morass was our Word of the Day on 03/17/2016. Hear the podcast!
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Examples of morass in a Sentence
advised against becoming involved in that country's civil war, warning that escape from that morass might prove nigh impossible
the distracted driver had driven his car off the road and into a morass
Recent Examples of morass from the Web
The fiscal morass is the longest of any state since at least the Great Depression, with Illinois ringing up a $6.2 billion annual deficit and a $14.7 billion stack of past-due bills.
This will not only save you time and energy, but also prevent you from handling a morass of slimy, wet leaves.
Trump has blamed his communications team for the morass his administration finds itself in, as scandals related to the Russia investigation pile up and dominate coverage of his White House.
As such, the final third of the book devolves somewhat into a morass of abbreviations, reports from conferences, and policy discussions folded into canned dialogue.
Back in expansion mode The legal morass stymied Pacific's expansion drive, until 2015.
Soon enough, Peter Quill and his friends will be drawn into the bigger morass.
Nixon, stubborn and righteous, dug in as the Watergate morass deepened.
Beckham’s next role: Portraying a former English soccer star who, after years of disappointment and delays through a thicket of political morass, finally realzies his dream, of bring Major League Soccer to Miami.
These example sentences are selected automatically from various online news sources to reflect current usage of the word 'morass'. Views expressed in the examples do not represent the opinion of Merriam-Webster or its editors. Send us feedback.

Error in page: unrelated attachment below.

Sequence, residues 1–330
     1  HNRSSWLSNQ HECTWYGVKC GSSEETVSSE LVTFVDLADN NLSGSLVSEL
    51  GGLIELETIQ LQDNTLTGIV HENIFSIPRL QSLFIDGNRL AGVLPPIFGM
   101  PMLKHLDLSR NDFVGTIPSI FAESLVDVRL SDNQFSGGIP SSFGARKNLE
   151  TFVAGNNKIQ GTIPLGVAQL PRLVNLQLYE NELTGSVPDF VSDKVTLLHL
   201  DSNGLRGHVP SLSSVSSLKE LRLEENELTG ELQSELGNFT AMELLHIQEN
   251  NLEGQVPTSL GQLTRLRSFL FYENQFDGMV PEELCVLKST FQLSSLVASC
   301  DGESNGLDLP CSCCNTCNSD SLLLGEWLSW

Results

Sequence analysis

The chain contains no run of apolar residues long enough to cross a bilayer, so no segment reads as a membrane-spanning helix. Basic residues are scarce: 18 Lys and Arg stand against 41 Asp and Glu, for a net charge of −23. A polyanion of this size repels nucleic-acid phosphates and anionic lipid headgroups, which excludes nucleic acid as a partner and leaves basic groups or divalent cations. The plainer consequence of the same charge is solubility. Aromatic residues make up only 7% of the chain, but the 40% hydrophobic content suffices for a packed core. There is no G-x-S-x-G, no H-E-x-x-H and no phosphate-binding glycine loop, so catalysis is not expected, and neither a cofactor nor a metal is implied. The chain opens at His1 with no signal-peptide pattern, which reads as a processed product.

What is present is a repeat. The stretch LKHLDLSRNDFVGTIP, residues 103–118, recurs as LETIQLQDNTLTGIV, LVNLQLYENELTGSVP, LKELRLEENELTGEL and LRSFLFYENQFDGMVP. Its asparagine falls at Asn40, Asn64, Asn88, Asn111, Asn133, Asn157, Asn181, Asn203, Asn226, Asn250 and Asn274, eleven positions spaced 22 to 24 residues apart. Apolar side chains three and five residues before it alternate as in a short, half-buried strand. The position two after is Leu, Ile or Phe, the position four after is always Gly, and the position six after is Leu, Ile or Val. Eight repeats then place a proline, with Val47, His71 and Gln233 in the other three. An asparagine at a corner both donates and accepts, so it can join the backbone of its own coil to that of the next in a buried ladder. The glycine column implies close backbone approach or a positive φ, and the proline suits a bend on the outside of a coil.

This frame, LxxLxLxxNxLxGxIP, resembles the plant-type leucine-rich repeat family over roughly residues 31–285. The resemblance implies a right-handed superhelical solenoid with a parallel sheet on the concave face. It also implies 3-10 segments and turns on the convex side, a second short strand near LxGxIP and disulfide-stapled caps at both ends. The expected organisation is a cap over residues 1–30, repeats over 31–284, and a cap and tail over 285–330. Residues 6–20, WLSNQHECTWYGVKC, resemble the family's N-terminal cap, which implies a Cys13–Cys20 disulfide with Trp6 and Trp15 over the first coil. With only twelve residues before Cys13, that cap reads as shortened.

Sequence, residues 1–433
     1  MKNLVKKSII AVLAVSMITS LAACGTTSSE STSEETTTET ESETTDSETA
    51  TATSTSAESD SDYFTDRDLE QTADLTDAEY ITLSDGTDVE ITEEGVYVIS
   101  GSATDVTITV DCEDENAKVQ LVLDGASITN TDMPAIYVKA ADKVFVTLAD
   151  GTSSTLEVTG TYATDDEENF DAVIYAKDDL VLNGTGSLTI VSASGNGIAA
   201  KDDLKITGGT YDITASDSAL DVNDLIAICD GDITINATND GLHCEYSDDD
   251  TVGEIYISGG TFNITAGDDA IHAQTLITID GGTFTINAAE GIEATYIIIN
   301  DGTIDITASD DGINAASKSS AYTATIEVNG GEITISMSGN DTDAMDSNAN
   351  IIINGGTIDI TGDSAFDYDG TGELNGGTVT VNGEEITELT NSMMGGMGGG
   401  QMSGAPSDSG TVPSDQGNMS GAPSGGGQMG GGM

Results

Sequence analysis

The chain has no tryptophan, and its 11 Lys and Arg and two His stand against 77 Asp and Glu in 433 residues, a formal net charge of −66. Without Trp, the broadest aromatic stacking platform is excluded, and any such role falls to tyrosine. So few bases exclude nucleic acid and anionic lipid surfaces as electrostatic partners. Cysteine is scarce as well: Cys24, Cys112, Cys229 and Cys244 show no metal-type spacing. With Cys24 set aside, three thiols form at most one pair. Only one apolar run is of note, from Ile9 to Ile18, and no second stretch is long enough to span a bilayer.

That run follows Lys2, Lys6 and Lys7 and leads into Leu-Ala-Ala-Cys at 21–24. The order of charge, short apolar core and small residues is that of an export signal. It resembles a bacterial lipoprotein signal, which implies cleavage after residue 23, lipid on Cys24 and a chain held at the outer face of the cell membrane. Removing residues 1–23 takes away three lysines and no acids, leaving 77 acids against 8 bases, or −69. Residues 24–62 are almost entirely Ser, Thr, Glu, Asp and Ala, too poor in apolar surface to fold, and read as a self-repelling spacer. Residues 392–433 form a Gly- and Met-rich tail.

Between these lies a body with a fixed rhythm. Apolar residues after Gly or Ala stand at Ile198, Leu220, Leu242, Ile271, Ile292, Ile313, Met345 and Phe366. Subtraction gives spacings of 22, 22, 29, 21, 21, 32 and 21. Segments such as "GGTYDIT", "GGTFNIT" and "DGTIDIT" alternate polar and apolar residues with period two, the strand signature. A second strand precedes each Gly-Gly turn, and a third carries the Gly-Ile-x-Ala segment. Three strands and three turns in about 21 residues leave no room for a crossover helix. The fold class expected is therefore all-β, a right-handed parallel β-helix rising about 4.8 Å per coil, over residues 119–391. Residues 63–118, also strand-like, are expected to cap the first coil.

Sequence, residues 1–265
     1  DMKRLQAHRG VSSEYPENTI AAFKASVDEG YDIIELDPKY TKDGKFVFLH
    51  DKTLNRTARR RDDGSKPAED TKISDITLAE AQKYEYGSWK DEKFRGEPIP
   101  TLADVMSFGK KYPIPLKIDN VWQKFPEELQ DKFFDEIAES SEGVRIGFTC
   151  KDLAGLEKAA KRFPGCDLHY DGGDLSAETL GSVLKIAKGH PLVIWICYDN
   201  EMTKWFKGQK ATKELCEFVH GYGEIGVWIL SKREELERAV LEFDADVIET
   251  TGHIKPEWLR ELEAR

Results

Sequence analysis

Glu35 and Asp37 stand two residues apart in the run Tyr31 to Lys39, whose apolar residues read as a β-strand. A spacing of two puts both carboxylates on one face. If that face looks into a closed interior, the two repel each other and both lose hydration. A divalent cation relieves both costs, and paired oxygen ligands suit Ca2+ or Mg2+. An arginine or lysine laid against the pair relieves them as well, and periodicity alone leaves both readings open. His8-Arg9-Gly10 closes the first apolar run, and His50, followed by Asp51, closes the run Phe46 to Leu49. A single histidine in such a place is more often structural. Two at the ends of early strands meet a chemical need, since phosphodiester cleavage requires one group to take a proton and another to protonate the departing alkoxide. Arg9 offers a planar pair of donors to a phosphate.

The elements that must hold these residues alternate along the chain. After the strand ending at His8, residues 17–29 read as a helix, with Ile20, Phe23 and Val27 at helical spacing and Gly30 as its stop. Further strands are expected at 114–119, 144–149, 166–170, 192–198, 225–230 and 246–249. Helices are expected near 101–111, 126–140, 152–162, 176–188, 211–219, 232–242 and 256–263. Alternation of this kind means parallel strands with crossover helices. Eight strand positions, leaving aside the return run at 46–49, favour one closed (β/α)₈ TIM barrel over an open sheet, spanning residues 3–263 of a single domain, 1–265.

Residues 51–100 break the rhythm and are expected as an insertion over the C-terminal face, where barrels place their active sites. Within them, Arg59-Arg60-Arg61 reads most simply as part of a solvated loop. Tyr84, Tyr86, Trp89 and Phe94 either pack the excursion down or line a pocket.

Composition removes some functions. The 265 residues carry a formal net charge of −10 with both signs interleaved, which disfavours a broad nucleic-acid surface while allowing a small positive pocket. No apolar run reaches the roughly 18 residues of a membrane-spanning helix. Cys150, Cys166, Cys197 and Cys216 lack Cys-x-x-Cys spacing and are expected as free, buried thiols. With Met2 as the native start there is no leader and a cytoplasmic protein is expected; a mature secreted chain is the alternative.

The Swampy History of morass
We won't swamp you with details: morass comes from the Dutch word moeras, which itself derives from an Old French word, maresc, meaning "marsh." Morass has been part of English for centuries, and in its earliest uses it was a synonym of swamp or marsh. (That was the sense Robert Louis Stevenson used when he described Long John Silver emerging from "a low white vapour that had crawled during the night out of the morass" in Treasure Island.) Imagine walking through a thick, muddy swamp—it's easy to compare such slogging to trying to disentangle yourself from a sticky situation. By the mid-19th century, morass had gained a figurative sense, and could refer to any predicament that was as murky, confusing, or difficult to navigate as a literal swamp or quagmire.
MORASS Defined for English Language Learners
Definition of morass for English Language Learners
: an area of soft, wet ground : a marsh or swamp
MORASS Defined for Kids
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